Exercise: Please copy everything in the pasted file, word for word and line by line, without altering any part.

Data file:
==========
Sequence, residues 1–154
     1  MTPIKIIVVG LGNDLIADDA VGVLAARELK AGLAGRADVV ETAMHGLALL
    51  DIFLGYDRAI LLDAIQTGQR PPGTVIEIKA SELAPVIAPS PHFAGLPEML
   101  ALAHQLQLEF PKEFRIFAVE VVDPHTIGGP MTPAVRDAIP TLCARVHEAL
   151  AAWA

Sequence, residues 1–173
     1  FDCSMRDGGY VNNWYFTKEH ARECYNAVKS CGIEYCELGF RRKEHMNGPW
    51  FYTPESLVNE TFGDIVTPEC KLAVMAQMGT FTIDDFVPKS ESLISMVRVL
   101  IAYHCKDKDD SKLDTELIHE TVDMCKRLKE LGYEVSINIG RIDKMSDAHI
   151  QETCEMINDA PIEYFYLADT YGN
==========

Sequence, residues 1–154
     1  MTPIKIIVVG LGNDLIADDA VGVLAARELK AGLAGRADVV ETAMHGLALL
    51  DIFLGYDRAI LLDAIQTGQR PPGTVIEIKA SELAPVIAPS PHFAGLPEML
   101  ALAHQLQLEF PKEFRIFAVE VVDPHTIGGP MTPAVRDAIP TLCARVHEAL
   151  AAWA

Sequence, residues 1–173
     1  FDCSMRDGGY VNNWYFTKEH ARECYNAVKS CGIEYCELGF RRKEHMNGPW
    51  FYTPESLVNE TFGDIVTPEC KLAVMAQMGT FTIDDFVPKS ESLISMVRVL
   101  IAYHCKDKDD SKLDTELIHE TVDMCKRLKE LGYEVSINIG RIDKMSDAHI
   151  QETCEMINDA PIEYFYLADT YGN